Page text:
Here are 10 latest developments in this big story:
The petition filed before the Supreme Court alleges that the Muzaffarpur deaths were "a direct result of negligence and inaction" in handling the outbreaks of Acute Encephalitis Syndrome (AES) and Japanese encephalitis by the state and Central governments.
The outbreak of AES in Bihar has killed 130 children. In Muzaffarpur's Sri Krishna Medical College and Hospital, 93 children have died. Another 19 died at the city's Kejriwal Maternity Hospital.
Hospitals, struggling to deal with the situation, are admitting four children to a bed. There are not enough doctors or equipment to handle the outbreak. Union Health Minister Harsh Vardhan, a doctor, who visited on Sunday, said "everyone is taking responsibility" and the government is "delivering the best it can".
Chief Minister Nitish Kumar, who made his first visit to Muzaffarpur yesterday, was met with cries of "Wapas jao (go back)" at the Sri Krishna Medical College.
Tearful parents criticised hospital authorities and government over lack of infrastructure and doctors. Protesters who gathered outside during the Chief Minister's visit, alleged the hospital was more concerned with impressing him than treating patients.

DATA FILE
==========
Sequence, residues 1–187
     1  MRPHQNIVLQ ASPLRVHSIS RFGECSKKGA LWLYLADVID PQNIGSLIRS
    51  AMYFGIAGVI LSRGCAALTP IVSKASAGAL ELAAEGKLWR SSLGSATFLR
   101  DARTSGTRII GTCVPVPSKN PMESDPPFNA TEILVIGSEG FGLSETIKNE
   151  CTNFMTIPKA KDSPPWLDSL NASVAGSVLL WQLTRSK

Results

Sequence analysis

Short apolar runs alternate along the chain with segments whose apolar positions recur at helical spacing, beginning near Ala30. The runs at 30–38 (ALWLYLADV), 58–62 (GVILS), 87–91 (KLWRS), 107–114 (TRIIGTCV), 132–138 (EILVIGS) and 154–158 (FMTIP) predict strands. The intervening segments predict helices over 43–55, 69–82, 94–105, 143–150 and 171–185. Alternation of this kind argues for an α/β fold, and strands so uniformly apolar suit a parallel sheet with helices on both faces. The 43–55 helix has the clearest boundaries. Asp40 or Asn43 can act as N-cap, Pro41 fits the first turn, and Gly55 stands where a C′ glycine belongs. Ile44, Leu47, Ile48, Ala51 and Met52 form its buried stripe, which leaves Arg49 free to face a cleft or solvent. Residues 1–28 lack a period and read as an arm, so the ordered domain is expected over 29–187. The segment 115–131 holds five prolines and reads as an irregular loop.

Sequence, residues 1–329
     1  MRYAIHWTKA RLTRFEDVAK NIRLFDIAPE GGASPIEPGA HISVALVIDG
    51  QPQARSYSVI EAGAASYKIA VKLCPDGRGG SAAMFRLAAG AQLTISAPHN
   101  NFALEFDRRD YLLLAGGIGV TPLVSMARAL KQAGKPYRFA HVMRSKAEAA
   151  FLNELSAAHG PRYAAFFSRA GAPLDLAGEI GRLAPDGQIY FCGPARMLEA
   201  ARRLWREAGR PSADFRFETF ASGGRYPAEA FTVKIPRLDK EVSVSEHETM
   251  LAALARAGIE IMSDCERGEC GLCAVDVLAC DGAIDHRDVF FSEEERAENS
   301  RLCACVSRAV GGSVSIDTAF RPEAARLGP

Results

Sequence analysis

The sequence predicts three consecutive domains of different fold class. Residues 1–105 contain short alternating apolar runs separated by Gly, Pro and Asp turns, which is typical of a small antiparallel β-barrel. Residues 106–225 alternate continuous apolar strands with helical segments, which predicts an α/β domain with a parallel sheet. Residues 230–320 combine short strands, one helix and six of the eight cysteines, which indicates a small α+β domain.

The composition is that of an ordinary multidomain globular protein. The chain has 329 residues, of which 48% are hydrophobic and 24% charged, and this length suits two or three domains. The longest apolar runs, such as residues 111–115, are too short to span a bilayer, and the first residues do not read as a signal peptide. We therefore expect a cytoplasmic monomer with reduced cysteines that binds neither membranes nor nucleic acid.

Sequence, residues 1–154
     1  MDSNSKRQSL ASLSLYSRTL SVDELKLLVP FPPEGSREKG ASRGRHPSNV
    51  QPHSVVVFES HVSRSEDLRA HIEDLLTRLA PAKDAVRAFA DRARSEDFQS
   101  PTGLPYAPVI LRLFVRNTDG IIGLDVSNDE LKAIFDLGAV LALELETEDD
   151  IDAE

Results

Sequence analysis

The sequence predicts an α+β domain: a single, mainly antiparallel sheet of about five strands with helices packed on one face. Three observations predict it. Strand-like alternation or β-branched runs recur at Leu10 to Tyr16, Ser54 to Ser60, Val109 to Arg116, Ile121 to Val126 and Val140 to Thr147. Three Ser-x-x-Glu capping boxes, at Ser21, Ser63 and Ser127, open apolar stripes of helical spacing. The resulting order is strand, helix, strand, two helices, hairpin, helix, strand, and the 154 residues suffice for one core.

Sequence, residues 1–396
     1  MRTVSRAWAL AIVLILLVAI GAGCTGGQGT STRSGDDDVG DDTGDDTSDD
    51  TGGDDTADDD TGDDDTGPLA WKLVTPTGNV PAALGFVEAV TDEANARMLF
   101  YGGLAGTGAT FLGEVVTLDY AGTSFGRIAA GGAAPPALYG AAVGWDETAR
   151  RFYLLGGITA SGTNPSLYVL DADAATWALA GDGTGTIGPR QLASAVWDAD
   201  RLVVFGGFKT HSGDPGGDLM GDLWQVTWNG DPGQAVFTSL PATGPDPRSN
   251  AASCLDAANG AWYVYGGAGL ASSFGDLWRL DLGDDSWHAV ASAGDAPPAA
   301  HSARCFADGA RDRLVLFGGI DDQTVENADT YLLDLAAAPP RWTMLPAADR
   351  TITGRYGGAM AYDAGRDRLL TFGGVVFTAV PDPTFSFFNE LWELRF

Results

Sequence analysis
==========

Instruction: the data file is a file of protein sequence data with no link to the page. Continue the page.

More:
Bihar Health Minister Mangal Pandey and Muzaffarpur lawmaker Ajay Nishad came under attack for shocking responses to the outbreak.
Mr Pandey drew widespread criticism for inquiring about an India-Pakistan cricket match at a press conference held by Union Health Minister Harsh Vardhan. The criticism grew louder as Mr Nishad claimed the state government made just a "few tiny mistakes" in tackling the outbreak.
The National Human Rights Commission said the deaths could indicate a "possible flaw" in implementation of vaccination and awareness programmes. The commission has sent notices to the Union Health Ministry and Bihar government, who have four weeks to respond.
Acute Encephalitis Syndrome is a group of symptoms that indicate an inflammatory condition of the central nervous system. It can be brought about by any number of virus, bacteria or even fungi - the actual reason has been elusive so far.
The symptoms include high fever, convulsions, confusion, extremely-low blood-sugar level and even coma. The outbreaks occur regularly in areas in and around Muzaffarpur during summer, and mostly affect children below 15 years of age.